“I know the Turkish system. I know I haven’t got a leg to stand on. Human rights are known and accepted in the West but are not freely available in Turkey.

“I have no claim to his estate and body and cannot even collect my personal belongings from his flat. I cannot even bury my loved one.

“Apart from giving my statement to the press, I as an individual have absolutely no chance to bring his parents to justice for this murder of their son and my partner.”

Mr Yildiz’s partner has given statements to the police at the site of Ahmet’s murder, as well as handing in a signed statement to the local police station.

He fled Turkey the night of Mr Yildiz’s murder and has been living in fear of his life since.

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Sudan On The Brink

By Stephen Brown
FrontPageMagazine.com | Monday, June 16, 2008

It just shows what is wrong with our media.

The front pages of most newspapers last week carried a story about a horrific plane crash in the Sudan that cost 100 lives. While this tragedy was certainly newsworthy, hardly a single media outlet has been covering the real story in Africa’s largest country that could turn into a human catastrophe for millions of its non-Muslim citizens.

A twenty-year civil war between the Sudan’s Arab and Islamic North and Christian and animist African South that ended with the Comprehensive Peace Agreement (CPA) in 2005 is set to explode again. Fighting broke out last month between the North’s Sudanese Armed Forces (SAF) and the Sudan People’s Liberation Army (SPLA), the armed forces of southern Sudan, in the oil-rich Abyei region, resulting in dozens of deaths.

The Abyei region, located between North and South, is technically part of northern Sudan, having been transferred there by the British colonial power in 1905. According to the CPA’s Abyei Protocol, which was put into the accord at America’s insistence, the Abyei area, which is inhabited mainly by Africans of the Dinka tribe, is supposed to hold a vote to decide whether it wants to join the South. In 2011, the entire South Sudan will have its own referendum on independence.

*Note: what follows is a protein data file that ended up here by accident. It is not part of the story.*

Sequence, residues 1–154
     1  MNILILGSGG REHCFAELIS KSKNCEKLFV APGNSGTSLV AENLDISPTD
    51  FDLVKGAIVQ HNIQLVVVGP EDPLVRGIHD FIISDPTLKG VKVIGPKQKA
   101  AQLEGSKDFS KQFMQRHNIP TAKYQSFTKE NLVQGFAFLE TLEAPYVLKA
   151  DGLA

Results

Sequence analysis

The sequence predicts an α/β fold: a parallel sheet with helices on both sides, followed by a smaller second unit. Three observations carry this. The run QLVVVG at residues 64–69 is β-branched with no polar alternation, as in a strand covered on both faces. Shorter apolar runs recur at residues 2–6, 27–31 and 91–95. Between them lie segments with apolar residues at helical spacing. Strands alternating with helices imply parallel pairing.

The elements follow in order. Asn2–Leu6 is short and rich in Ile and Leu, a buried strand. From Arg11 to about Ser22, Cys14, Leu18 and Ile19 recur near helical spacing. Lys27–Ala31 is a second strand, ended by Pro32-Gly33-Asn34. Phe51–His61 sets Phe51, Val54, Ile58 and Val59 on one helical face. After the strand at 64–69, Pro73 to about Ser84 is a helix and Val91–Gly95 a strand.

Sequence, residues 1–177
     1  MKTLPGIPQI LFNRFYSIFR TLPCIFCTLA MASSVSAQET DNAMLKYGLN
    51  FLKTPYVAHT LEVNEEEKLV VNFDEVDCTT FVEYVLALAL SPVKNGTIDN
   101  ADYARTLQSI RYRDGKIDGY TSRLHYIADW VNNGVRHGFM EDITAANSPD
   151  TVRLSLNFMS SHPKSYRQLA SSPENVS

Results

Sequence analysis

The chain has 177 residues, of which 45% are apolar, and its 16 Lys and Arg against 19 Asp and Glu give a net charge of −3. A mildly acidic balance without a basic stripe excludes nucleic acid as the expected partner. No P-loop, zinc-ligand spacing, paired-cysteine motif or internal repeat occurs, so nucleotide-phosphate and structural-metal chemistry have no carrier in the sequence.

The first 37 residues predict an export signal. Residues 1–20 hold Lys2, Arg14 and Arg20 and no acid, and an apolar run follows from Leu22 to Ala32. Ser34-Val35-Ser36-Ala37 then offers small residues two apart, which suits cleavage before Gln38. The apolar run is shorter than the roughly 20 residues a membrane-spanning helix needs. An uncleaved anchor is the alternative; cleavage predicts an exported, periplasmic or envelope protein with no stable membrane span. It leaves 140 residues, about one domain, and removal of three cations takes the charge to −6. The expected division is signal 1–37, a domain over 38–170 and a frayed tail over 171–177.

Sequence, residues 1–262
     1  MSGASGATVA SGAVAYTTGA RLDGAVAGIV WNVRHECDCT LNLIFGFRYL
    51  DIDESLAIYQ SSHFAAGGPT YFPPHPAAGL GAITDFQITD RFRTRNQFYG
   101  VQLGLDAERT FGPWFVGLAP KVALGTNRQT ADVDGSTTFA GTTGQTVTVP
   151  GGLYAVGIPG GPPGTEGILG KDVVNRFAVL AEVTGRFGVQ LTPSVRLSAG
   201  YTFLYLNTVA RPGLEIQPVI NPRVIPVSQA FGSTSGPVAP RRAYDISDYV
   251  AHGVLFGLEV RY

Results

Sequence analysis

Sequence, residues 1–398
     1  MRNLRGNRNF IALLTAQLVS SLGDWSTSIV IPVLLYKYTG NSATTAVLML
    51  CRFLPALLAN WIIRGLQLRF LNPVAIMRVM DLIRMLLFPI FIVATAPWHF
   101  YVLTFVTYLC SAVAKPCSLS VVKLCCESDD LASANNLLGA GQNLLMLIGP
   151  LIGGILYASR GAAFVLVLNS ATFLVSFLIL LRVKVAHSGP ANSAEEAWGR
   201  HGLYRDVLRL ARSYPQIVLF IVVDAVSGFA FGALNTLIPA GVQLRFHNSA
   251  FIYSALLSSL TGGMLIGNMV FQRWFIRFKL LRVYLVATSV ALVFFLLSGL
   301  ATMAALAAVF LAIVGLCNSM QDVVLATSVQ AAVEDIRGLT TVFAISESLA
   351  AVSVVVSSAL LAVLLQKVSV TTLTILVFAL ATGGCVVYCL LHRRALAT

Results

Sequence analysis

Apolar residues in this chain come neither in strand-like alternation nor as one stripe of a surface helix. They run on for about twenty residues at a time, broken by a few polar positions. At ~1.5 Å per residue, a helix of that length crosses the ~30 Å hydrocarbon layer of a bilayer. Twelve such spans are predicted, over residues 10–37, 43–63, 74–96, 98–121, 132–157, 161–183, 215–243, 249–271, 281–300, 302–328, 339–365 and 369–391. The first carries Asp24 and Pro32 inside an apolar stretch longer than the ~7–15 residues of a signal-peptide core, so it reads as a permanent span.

Disgracefully, the world hardly noticed that the town of Abeyei was destroyed in May by aggressive federal forces, which are controlled by the ruling National Congress Party in Sudan’s capital, Khartoum, located in the North. As usual, it was the civilians who suffered the most. More than 100,000 Dinka, according to one report, were driven from their homes. Many Dinka arrived in refugee camps with little or no belongings with some grieving for their children who were lost in the flight.

Roger Winter, a highly respected expert on the Sudan who was once appointed Special Representative of the Deputy Secretary of State for Sudan by the Bush administration, visited the area a few days after the attack by the government’s army, which now occupies the ruined and looted town.

“The town of Abyei has ceased to exist,” stated Winter in his report. “Brigade 31 of the Sudanese Armed Forces, or SAF, has displaced the entire civilian population and burned Abyei’s market and housing to the ground.”

Such Arab atrocities are nothing new to southern Sudan’s black African population. This large area of about 227,000 square miles and 11 million people was once one of the main sources of slaves for the Islamic world until British colonization put a stop to the inhuman practice. But when the British left and the Sudan was granted its independence in 1956, the Arab North’s oppression of the non-Muslim, African South quickly picked up where it left off.

As a result, African Sudanese almost immediately formed a resistance movement that fought a civil war against the Arab North that ravaged the South and ended with a peace treaty in 1972. During that time, the odious custom of slave raiding also returned, supported by the Arab world’s new oil wealth. In 1962, a Swiss journalist recorded that hundreds of black African Sudanese were enslaved and sent to northern Sudan, and some even further on to Saudi Arabia, Yemen and other oil sheikdoms.

An Italian journalist, who was in the Sudan in 1966, wrote “…the Arabs continue in the Sudan what could be called their national sport, hunting slaves, and the bondage of Negro Sudanese who are guilty of not only of having a black skin but also of not being Muslim.” Arab slavers even had the audacity to seize a Sudanese African member of the pre-independence legislature and put him up for sale for $1,600; but he managed to escape.

All in all, it is estimated that between 500,000 and one million people died in Sudan’s first civil war.

The second civil war, which ended with the 2005 CPA, began in 1983 when the Khartoum government threw out the 1972 peace accord, squashed the South’s constitutional guarantees, declared Arabic the country’s only official language and made sharia the law of the land. In other words, everyone, both North and South, had to become Muslim and Arabic. This was reinforced when the northern government declared jihad against the South in 1989.